Bob Buckwalter, Marianne Burke, Priscilla Caplan, John Collins, Michael Fitzgerald, Dale Flecker, Rodney Goins, Lynne Schmelz-Keil (chair), Carrie Kent, Ted Pappadopoulos, Mark Van Baalen, Judy Warnement, Robin Wendler (recording), Charles Willard
Melanie Goldman, Charles Husbands, Curtis Kendrick, Barbara Mitchell, Sue Parker, Jon Rothman, Ed Tallent, Julie Wetherill
Future Meetings: In the OIS Conference Room:
February 22, 3:00-5:00 March 17, 10:00-12:00 April 13, 3:00-5:00 May 18, 3:00-5:00 June 15, 3:00-5:00
The GIRLS Task Force was charged with developing a plan for a sophisticated menuing facility in front of HOLLIS, offering hierarchical, multi-layered menus and the capability of presenting help screens and friendly responses to errors. The gateway, now being called the bridge, would provide access to selected network-available resources. Carrie Kent explained that the group tried to create an environment with as few dead-ends and barriers as possible, balancing the needs of users against the needs for structure, security, and openness to future developments. The group investigated existing "gateways," and many of its recommendations are in response to the feel of those systems. The group proposed a tiered structure where the first screen offers access to instructions in using the Bridge, an alphabetical LIST of available resources, direct access to such basic Harvard services such as HOLLIS and VINE, and a FINDER (a searchable guide to available resources). A user could "launch" to a desired resource from either the LIST or the FINDER.
Priscilla Caplan asked whether forcing the user to go up a level from FINDER to select a resource would be unacceptable. Carrie felt this would be a major mistake, that turning FINDER into a cul-de-sac would reduce users' willingness to enter it, and that they would therefore be less likely to encounter newly available resources. The need to launch from the FINDER may eliminate some easy or obvious technologies, such as gopher, from consideration.
There was a discussion of complex issues related to the principles of organization and structure of the bridge, such as what distinction was being made between first and second level resources, whether fixed reference points should be established in this dynamic environment, and whether the initial screen should present topics such as library, gopher, etc. instead of a mix of tools and individual resources. Cilla reminded the committee that this generation of the bridge is not being designed for the ages, but as a bridge in more than one sense -- as a transitional application.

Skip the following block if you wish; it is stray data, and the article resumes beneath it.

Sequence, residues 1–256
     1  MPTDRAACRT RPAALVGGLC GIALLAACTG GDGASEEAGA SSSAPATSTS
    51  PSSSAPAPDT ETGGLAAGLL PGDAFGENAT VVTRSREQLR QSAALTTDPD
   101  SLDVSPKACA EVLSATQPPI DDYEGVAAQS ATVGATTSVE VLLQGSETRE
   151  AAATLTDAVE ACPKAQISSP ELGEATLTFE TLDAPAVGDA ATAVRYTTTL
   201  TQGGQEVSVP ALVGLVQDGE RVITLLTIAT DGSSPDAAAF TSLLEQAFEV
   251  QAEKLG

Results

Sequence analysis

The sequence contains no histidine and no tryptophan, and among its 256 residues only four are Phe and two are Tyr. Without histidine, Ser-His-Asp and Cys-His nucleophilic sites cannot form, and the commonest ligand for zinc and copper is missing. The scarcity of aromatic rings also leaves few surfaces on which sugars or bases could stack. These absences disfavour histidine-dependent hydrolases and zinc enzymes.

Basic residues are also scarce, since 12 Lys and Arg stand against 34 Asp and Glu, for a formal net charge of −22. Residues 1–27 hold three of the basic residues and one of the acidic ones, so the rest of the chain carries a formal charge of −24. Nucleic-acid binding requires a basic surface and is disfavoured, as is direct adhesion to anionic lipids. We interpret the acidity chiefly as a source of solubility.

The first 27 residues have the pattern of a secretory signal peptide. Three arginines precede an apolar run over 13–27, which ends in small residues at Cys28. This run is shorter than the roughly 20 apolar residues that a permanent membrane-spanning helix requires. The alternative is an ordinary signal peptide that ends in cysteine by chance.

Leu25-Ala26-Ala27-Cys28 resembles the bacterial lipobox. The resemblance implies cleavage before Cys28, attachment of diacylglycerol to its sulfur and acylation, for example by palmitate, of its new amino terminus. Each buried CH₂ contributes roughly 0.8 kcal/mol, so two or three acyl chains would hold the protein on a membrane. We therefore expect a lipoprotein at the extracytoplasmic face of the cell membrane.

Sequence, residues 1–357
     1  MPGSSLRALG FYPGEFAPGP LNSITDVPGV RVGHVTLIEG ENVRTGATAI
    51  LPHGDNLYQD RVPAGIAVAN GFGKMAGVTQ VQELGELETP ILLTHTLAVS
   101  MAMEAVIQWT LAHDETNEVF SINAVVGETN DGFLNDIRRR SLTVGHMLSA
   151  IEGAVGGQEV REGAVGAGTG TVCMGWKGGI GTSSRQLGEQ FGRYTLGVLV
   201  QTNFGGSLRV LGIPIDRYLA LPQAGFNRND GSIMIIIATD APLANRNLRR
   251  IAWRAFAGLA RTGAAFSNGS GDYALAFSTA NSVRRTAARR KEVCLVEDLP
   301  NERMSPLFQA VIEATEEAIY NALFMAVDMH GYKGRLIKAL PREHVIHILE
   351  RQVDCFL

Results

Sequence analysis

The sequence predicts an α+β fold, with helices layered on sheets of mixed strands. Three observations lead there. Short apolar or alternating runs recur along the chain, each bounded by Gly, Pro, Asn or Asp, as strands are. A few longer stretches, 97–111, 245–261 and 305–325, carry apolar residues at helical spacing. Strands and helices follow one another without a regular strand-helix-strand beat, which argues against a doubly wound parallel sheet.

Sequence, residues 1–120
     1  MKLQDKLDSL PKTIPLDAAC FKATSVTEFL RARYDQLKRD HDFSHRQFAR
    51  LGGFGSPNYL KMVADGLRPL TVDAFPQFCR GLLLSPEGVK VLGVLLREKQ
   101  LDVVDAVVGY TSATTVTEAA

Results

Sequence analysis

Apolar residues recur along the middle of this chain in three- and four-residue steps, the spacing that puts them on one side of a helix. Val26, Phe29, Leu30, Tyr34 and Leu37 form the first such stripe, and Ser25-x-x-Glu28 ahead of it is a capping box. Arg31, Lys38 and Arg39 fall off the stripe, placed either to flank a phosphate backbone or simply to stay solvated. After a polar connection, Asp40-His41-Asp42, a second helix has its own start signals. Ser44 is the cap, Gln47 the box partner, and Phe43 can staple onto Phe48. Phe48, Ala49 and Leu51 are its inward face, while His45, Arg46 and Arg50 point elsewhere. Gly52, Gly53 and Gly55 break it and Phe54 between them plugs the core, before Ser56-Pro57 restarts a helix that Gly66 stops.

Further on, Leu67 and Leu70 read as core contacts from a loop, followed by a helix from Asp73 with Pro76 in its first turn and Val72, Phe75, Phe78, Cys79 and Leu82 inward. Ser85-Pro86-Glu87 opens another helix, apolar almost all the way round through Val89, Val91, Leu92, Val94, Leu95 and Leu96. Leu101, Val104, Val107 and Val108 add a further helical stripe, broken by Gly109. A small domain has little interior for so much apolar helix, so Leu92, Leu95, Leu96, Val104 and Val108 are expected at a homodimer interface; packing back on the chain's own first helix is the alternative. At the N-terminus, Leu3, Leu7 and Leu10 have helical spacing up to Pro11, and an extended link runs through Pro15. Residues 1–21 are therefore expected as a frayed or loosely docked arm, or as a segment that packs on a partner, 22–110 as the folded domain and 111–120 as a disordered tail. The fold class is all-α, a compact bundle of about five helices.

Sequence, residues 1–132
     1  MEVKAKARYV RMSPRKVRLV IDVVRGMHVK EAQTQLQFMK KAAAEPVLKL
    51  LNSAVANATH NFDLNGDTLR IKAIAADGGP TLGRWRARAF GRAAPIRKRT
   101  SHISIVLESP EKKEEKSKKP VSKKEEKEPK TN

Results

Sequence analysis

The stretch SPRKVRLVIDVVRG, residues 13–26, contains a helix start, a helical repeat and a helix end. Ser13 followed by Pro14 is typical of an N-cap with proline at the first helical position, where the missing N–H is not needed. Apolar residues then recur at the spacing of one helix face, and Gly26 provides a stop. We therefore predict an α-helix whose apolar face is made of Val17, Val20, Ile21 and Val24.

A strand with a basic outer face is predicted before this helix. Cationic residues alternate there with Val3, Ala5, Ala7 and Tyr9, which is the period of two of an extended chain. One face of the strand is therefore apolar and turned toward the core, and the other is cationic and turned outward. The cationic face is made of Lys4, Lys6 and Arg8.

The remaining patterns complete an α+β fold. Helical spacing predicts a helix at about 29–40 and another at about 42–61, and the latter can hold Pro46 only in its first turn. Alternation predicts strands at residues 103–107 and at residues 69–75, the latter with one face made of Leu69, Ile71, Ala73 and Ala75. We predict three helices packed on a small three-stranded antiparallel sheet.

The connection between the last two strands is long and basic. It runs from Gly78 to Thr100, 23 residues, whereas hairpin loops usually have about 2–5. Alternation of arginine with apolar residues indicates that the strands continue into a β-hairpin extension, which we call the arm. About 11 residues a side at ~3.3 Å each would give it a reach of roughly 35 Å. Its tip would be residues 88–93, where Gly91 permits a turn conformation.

Ted Pappadopoulos wondered at what point resources should be moved from the old, terminal-based access used by the majority of users now, to the newer network-based access which serves a small community now but which can be expected to serve many more in the future. Mark Van Baalen suggested that a rigid structure could be used both for dumb terminal use and as a basis upon which a smarter navigational tools can be built. Cilla suggested designing a publicly-accessible client which would offer one interface for terminals and another for PCs. In this way we can support both environments and still encourage the transition to smarter machines.
Ted asked whether the bridge screens should be identified as sponsored by the Library, or with some indication of the nature of the information available here? The group will consider this.
The proposed second-level screens will need to be multi-page in some cases, such as LIST. Cilla noted that entries in VINE would dominate the LIST, and change frequently. Dale wondered if it was desirable to give equal weight to a small document and a major database. Carrie asserted that it was, because one could never anticipate what would be important to a given user. Jon Rothman disagreed, suggesting that VINE itself be included in the LIST, with a subject-rich abstract in FINDER, but that each document in VINE not be listed on the LIST. The task group will review what should be included on the LIST.